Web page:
OF THE 2,500 participants in next Sunday’s race, hundreds will be new. Last year, I asked a few seasoned triathletes for some pointers. Again, here are those lessons...
AYA GARCIA SHLACHTER: 1. Taper. Do not cram your workouts. 2. If you feel doubtful that you can finish the race, break down the distances in your mind. I have difficulty running 21K so I break down the run as four 5K races; this way, I am not intimidated. 3. Smile and finish strong!
CHRIS ALDEGUER. 1. Race Week = Get enough rest this week. Avoid long training sessions. Keep it short with a nice pace to stay sharp. Eat and hydrate well. Prepare and check all gear and equipment.
2. Swim= If you are a good swimmer, position well in the front. The swim start is crowded. Positioning well will get you in a good group that can result in an overall fast pace. For the majority, it is best to take the swim easy since it is a long race. The swim can be a warmup for the bike. For the first-timers, expect the swim to be chaotic. It’s important to be prepared mentally to avoid panic.
3. Bike= Since it is a long race, ride comfortably the early stage of the bike leg. It is better to be feeling good in the later part of the bike rather than suffer, there is still a 21K run to follow. Also be reminded at all times to drink and eat.
4. Run= Same with the bike; start at a comfortable pace. A big percentage end up surviving the run rather than running the run. This often is a result of wrong pacing. It is always good to finish strong.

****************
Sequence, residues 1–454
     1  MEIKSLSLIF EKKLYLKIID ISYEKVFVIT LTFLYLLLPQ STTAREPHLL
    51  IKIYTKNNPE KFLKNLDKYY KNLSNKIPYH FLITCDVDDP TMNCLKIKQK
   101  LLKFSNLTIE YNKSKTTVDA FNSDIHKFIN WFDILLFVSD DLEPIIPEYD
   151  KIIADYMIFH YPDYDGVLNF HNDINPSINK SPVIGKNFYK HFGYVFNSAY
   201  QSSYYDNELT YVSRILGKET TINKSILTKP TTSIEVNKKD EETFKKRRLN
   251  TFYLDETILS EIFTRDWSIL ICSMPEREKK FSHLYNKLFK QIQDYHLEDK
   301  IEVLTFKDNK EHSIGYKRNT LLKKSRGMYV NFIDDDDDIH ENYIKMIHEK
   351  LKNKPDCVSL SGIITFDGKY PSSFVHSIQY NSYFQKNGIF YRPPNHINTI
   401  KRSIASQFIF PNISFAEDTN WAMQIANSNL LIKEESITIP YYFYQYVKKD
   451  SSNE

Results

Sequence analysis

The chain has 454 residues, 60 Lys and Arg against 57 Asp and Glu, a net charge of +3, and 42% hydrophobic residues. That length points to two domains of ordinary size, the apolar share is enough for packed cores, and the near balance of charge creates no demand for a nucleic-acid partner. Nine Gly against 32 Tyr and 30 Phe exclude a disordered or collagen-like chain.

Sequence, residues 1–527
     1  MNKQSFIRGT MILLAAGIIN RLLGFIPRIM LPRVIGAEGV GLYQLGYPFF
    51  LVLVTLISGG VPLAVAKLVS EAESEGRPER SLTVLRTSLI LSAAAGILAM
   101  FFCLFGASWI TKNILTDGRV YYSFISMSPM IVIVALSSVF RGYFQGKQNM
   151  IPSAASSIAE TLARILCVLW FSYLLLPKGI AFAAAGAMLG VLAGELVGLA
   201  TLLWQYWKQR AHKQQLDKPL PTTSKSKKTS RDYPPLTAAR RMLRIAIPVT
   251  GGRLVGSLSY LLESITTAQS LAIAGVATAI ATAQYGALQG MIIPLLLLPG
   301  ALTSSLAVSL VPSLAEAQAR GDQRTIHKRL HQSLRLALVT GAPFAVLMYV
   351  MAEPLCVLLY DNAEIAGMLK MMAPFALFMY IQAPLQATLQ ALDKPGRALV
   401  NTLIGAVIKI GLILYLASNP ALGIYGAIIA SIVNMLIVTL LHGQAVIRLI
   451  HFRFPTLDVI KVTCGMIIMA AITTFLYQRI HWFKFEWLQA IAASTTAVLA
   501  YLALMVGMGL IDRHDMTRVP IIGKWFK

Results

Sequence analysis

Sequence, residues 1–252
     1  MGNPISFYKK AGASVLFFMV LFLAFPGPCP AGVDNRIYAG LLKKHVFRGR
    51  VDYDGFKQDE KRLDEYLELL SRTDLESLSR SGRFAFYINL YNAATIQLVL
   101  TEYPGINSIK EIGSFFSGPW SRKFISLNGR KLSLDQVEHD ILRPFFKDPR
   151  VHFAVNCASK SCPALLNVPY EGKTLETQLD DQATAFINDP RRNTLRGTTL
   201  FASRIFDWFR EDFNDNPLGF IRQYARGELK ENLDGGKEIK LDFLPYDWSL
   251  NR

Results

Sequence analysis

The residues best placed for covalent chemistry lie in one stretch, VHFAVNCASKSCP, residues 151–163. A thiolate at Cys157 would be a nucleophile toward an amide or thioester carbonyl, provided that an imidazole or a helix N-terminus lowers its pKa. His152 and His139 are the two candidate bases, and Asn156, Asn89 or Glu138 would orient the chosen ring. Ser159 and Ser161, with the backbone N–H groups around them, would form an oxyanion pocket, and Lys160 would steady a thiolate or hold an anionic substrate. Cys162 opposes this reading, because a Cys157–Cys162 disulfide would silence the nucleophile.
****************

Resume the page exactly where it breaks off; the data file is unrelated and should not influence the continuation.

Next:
JANE JANE ONG. 1. Eat and rest well and get plenty of sleep. Try to sleep early every night. If you can’t sleep, just lie down in bed. 2. During race day, it’s important to pace oneself. Although the adrenaline rush might push us to swim/bike/run faster, it’s better to stick by the pace we’ve practiced to avoid getting cramps. 3. Enjoy the race!
JACS JACALAN. Pacing is critical. Going out too fast in one of the disciplines will have a consequential effect on the other two. Settle into your goal pace; you should have put in many miles in the past months at your goal pace, so it should feel natural.
Swimming with hundreds of triathletes is chaotic. Losing your goggles is a nightmare, so put on your goggles underneath your swim cap to keep it from getting off your head. Going out hard in the swim is a huge mistake. Many triathletes push hard in the swim thinking they won’t use their shoulders during the bike and run. But hard swimming causes the body to burn more carbohydrates and this effect will last until the bike and run legs.
Ease up slightly on the last kilometer of the bike leg by increasing cadence and using easy gear. The transition from bike to run is most difficult. Reducing lactic acid levels and getting your breathing under control will enable a smoother transition. Giving up a few minutes will improve your run split more than it costs your bike split.
You’ve trained hard and with discipline. You have missed late-night partying. You have not been to the newly-opened bars. You have sacrificed family time. Most even have troubles with their wives (hehe). Race day is the payoff. It’s over. Enjoy the race.
ANNIE NERIC. Make sure you are really prepared. Don’t worry about losing the registration fee or not participating. You are better alive than sorry. Think of yourself and family. Remember this is not an ordinary sports event.
Consult your doctor, have a check-up and ensure you are fit (heart, no high blood, sugar levels). Avoid work stress; worries that may affect your condition, psyche, focus. Try to relax and try to get a good sleep the night before (this doesn’t always happen). Don’t try anything new on race day like new rubber shoes, tri suit.
Relax. Don’t tense your body and muscles. Think of good things; think of going thru the course and succeeding. This is physical, mental and even spiritual. So PRAY, too! Go thru with your guardian angel. Have fun, enjoy the scenery, think of the finish line and look forward to a Cebu lechon! (www.pages.ph)